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April 11, 2024

  • Jeanette Winterson for “gAyPRIL”
    “gAyPRIL” (Gay-April) continues on Falcon Radio, sharing a playlist curated by the Queer Trans Student Union, sharing songs celebrating the LGBTQ+ experience. In similar vein, you will enjoy Jeanette Winterson’s books if you find yourself interested in LGBTQ+ voices and nonlinear narratives. As “dead week” is upon us, students, we can utilize resources such as Falcon […]
  • Poetics of April
    As we enter into the poetics of April, also known as national poetry month, here are four voices from well to lesser known. The Tradition – Jericho Brown Winner of the Pulitzer Prize, Brown visited the last American Association of Writers and Writing Programs (AWP 2024) conference, and I loved his speech and humor. Besides […]
Spring Housing Guide

A ‘War’ within film between serious and silly

The new blockbuster “War of the Worlds,” a collaboration between Steven Spielberg and Tom Cruise, suffers from the fatal disease “trying to have it both ways” itis.

It wants to be the mindless summer popcorn disaster flick that doesn’t want us to ask vital questions such as: 1. Why aliens want to destroy Earth 2. How a family can walk from New York to Boston in one day while avoiding said aliens 3. How a person’s camcorder can work when every piece of electronic equipment in the city of New York has been made inoperable.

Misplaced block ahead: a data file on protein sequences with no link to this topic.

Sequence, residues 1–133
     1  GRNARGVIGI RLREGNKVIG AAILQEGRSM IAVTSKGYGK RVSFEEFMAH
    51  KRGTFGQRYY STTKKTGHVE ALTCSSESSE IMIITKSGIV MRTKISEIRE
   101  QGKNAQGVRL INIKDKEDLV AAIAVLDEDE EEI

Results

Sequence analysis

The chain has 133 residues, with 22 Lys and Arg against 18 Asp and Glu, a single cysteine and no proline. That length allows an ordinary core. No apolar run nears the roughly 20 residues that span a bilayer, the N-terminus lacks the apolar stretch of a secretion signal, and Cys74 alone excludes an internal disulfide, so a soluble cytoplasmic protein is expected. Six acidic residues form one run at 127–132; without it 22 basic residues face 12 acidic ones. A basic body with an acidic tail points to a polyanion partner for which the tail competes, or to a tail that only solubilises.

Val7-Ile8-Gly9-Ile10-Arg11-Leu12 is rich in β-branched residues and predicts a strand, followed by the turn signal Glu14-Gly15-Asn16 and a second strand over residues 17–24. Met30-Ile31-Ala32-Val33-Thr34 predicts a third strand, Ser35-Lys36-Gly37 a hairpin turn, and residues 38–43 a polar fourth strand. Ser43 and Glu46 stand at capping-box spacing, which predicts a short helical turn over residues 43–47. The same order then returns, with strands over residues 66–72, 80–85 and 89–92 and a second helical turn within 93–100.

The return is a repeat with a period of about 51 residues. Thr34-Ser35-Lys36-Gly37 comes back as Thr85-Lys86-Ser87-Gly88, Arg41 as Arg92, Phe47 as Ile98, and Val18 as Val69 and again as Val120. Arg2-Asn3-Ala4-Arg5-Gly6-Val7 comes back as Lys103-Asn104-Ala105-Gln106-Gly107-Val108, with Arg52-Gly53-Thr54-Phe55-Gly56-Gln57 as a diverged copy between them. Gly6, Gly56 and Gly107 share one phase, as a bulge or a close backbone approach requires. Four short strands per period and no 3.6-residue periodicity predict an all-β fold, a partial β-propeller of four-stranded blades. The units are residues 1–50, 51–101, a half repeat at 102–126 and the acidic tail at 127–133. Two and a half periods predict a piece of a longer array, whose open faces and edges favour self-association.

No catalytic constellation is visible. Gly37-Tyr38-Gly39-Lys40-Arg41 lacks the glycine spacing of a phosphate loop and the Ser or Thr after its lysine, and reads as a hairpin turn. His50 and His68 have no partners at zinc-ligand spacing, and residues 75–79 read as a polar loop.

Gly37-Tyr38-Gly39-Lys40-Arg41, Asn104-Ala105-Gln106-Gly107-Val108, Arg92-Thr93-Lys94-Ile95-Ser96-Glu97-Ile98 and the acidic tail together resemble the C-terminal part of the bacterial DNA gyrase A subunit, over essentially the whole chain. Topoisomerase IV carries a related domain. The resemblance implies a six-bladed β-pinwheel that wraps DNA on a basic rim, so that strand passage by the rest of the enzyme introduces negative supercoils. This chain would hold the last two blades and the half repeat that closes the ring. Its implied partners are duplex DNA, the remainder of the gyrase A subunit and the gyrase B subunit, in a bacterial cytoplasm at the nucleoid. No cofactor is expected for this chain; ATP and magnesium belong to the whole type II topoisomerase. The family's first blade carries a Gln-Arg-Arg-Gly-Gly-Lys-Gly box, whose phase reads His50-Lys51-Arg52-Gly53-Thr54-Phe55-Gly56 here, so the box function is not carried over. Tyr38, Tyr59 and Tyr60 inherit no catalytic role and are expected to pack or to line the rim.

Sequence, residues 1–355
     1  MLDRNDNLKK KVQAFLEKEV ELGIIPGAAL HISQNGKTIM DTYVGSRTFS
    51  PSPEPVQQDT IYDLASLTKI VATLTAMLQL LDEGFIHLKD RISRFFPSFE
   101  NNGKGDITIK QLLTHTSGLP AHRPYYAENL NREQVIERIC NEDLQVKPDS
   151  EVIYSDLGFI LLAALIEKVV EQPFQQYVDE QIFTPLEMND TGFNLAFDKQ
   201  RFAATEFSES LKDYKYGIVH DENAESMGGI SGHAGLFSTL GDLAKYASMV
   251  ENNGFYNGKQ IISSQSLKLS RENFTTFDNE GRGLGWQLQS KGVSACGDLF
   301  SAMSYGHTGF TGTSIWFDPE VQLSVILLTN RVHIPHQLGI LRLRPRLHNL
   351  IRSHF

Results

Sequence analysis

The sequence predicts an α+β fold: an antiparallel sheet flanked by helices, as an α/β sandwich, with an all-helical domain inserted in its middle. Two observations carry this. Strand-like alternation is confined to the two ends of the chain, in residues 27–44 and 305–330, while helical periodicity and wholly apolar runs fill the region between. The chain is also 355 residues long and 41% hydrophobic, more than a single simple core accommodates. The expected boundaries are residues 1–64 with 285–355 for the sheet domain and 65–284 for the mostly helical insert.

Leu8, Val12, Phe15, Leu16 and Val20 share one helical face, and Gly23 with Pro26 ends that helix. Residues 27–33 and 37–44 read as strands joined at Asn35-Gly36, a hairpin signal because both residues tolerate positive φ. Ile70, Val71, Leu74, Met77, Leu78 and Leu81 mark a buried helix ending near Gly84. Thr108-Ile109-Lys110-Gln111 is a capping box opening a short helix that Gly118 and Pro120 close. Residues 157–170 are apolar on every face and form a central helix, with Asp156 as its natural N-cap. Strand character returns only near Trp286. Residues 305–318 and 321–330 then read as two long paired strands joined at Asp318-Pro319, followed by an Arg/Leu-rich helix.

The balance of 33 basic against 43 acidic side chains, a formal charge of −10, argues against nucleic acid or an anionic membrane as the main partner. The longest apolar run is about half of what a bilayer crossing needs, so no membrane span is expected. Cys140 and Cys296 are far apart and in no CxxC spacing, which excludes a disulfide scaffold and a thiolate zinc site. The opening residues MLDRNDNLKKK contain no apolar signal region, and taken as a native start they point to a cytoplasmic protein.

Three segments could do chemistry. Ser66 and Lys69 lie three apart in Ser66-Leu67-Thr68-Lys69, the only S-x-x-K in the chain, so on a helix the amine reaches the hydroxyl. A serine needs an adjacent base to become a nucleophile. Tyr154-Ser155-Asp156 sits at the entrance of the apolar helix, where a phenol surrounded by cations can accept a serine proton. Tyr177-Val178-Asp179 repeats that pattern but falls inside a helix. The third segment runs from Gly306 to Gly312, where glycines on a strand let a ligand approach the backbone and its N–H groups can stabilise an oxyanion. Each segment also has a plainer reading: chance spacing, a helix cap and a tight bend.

However, it also wants to emphasize the disaster in “disaster flick” by being relentlessly dark and depressing while simultaneously showing the audience horrific imagery of death and destruction–even playing off of the constant fear of terrorism and September 11th.

To be sure, “Worlds” does succeed some of the time, but on the whole it is too uneven, not helped by a lackluster script with only the most superficial of character developments. The film has tense, visceral action from beginning to end. When the aliens attack they attack swiftly and the destruction left in their wake is certainly a sight to behold.

The plot is paper thin, but employs Spielberg’s usual staples as Tom Cruise plays New York dock worker Ray Ferrier who doesn’t have the time or desire to be deeply entrenched in the lives of his children who are visiting for the weekend while his ex-wife and new man go away to Boston for the weekend.

Before long there is an odd lightning storm which kills all electrical equipment and strikes the same spot over and over again. Soon gargantuan alien machines come out of the ground and destroy everything in their wake.

The aliens operate skyscraper sized “tripods” which are faithful in spirit to the 1898 H.G. Wells novel by which this film is based without looking too campy. The aliens shoot death rays that incinerate people into a puff of smoke, leaving only their clothes behind.